We understand that Mario Party games are made for a party experience, intending for you to be around other people and have fun cursing, fighting, and trying to win each board. But the thought of being able to play these games online with friends who you can’t visit often is too good of an opportunity to miss—and Nintendo missed it.
No matter how much skill you have, Super Mario Party’s games are still mostly decided by luck.
When we were playing one of our first games around a slew of journalists in London a few days ago, we were winning handsomely with a couple of stars to spare on the final turn of the game. Our closest rival managed to get a star and tied with us—but that's no big deal, we still had the minigame star and a host of other possible bonus stars that would've sealed the deal. What was one extra star, right?
Well, it turns out that after the player bought the first star, the next one spawned literally four spaces away from him. This meant all he did was walk forward on the same turn to tie the star total and take the lead through a superior coin total. He ended up winning the game in the end as we tied on bonus stars.
As you can tell, we weren't very happy about this.
But that's just how the game plays. It's neither fair or unfair, just completely random. The game favors no one, so what happened to us could also happen to anyone else who played the game. That's what people enjoy about a game like this: The complete randomness where anyone can win due to circumstances out of their own control.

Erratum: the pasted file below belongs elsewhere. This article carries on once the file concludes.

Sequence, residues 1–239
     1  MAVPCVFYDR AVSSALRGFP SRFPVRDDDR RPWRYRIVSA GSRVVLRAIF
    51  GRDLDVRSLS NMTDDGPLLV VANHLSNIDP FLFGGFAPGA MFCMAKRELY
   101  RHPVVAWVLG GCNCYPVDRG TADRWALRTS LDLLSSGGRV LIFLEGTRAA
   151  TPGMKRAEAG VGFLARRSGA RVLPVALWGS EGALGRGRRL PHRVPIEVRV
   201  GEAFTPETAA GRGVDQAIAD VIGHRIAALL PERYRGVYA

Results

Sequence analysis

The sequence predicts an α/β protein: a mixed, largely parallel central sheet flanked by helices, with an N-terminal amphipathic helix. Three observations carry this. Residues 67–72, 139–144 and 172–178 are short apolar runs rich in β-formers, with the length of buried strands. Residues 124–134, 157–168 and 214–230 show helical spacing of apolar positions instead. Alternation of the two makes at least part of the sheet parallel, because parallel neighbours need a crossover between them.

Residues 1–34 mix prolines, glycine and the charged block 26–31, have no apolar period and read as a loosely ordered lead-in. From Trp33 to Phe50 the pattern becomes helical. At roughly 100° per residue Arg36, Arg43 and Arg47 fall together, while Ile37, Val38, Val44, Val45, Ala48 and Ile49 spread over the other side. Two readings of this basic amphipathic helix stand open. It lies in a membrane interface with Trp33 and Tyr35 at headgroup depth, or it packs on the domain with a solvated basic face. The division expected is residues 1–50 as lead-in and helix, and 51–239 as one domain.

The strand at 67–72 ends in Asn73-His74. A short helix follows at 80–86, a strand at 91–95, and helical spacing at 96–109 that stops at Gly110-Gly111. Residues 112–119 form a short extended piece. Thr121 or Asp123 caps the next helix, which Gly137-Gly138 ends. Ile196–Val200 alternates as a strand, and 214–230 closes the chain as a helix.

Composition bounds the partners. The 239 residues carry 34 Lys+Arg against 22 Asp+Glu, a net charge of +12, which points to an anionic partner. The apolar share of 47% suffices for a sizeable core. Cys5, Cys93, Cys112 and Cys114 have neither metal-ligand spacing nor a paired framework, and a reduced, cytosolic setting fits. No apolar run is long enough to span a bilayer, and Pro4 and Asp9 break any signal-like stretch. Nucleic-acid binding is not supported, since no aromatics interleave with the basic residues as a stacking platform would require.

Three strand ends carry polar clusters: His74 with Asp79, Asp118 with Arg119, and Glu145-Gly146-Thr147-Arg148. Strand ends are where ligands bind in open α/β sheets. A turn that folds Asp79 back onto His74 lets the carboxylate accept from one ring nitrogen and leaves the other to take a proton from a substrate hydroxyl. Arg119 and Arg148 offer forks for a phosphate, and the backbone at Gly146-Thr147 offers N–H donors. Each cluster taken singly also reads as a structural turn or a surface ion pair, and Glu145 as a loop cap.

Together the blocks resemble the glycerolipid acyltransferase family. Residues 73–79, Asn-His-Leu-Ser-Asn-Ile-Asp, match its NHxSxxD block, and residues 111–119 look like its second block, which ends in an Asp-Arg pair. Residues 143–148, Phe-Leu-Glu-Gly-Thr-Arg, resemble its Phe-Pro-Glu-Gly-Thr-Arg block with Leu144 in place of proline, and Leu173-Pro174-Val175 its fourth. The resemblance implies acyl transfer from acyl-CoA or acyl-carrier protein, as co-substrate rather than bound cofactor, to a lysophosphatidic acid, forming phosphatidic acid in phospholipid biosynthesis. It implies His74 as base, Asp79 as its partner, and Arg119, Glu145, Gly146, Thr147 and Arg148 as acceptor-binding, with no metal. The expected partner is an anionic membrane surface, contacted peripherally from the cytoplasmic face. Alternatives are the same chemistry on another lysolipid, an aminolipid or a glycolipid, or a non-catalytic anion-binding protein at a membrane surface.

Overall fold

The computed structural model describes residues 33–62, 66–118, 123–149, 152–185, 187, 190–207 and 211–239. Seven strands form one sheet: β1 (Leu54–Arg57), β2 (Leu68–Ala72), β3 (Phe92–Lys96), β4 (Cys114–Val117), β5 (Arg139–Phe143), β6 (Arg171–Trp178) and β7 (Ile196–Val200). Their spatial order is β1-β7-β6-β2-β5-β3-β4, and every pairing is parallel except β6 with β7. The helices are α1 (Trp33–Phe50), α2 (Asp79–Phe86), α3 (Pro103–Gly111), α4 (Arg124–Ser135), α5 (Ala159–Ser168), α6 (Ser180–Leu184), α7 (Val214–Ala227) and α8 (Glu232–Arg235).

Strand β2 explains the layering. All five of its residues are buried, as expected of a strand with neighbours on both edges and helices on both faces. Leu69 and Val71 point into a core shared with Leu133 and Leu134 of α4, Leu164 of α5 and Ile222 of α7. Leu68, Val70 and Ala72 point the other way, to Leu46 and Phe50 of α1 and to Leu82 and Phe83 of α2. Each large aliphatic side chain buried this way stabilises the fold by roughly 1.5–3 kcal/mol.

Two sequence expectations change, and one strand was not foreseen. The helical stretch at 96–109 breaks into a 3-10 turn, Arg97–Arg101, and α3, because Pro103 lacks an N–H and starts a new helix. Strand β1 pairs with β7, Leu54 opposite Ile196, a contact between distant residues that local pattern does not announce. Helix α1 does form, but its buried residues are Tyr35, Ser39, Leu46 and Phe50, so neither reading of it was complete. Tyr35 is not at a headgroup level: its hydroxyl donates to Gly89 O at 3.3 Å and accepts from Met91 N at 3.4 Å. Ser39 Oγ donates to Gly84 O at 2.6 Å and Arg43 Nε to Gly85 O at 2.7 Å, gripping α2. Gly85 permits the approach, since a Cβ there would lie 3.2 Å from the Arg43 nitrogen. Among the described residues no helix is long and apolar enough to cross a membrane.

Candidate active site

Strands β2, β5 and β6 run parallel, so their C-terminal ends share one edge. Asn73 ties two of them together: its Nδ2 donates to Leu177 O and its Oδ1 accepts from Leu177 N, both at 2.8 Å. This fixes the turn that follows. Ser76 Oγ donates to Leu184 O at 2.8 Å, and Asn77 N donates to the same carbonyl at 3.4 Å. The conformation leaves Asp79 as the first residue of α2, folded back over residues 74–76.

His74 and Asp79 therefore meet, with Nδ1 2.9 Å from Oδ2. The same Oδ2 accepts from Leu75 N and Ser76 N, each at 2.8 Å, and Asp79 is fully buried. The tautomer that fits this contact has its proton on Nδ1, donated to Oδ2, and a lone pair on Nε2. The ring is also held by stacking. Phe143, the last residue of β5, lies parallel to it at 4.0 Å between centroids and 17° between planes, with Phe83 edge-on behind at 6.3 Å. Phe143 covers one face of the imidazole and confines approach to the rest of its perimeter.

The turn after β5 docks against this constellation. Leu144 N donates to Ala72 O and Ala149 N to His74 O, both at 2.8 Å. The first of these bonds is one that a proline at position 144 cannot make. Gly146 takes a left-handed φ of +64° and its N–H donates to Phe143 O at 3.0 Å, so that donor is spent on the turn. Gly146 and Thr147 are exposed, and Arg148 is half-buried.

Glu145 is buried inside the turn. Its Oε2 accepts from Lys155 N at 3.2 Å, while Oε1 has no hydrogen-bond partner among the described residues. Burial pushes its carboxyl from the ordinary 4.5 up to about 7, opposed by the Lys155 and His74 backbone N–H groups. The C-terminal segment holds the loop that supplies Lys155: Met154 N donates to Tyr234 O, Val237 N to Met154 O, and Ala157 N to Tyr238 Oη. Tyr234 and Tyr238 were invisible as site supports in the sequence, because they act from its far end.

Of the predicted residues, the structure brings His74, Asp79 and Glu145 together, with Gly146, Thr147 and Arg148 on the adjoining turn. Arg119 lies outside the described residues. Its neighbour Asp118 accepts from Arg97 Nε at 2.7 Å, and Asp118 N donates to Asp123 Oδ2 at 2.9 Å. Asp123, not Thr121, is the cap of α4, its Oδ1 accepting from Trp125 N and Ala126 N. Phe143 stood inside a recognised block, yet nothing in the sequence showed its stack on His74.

Of course, you don’t always have to play against one another, since there's plenty of things available for those seeking a more cooperative experience. Modes like River Survival aren't dictated by luck, but rather, the player's communication because most minigames require players to be talkative and work together to complete the tasks.
No matter what you play, however, one thing is certain. Mario Party is still the ultimate friend-destroying game that it has been since the original title on the Nintendo 64. Just be sure to patch up any feuds after the round ends—it's only a game, after all.
The Final Round
With Super Mario Party, fans finally have the ultimate party experience that has something for everyone.
It takes the series in a brave direction that isn’t afraid to try something new and embrace its quirky side. We haven’t even talked about how each character has their own dice block that comes with its own risks and rewards and how players can land on a new Ally space, which gives them access to that character’s dice block in a match alongside their own. There's so much to do, from the various modes to the extra collectibles, so every gaming session is different.
Super Mario Party is, by far, one of the Switch’s best titles this year and is sure to be the perfect game to play with family and friends this holiday season.
Disclosure: Our Nintendo Switch review copy of Super Mario Party was provided courtesy of Nintendo UK.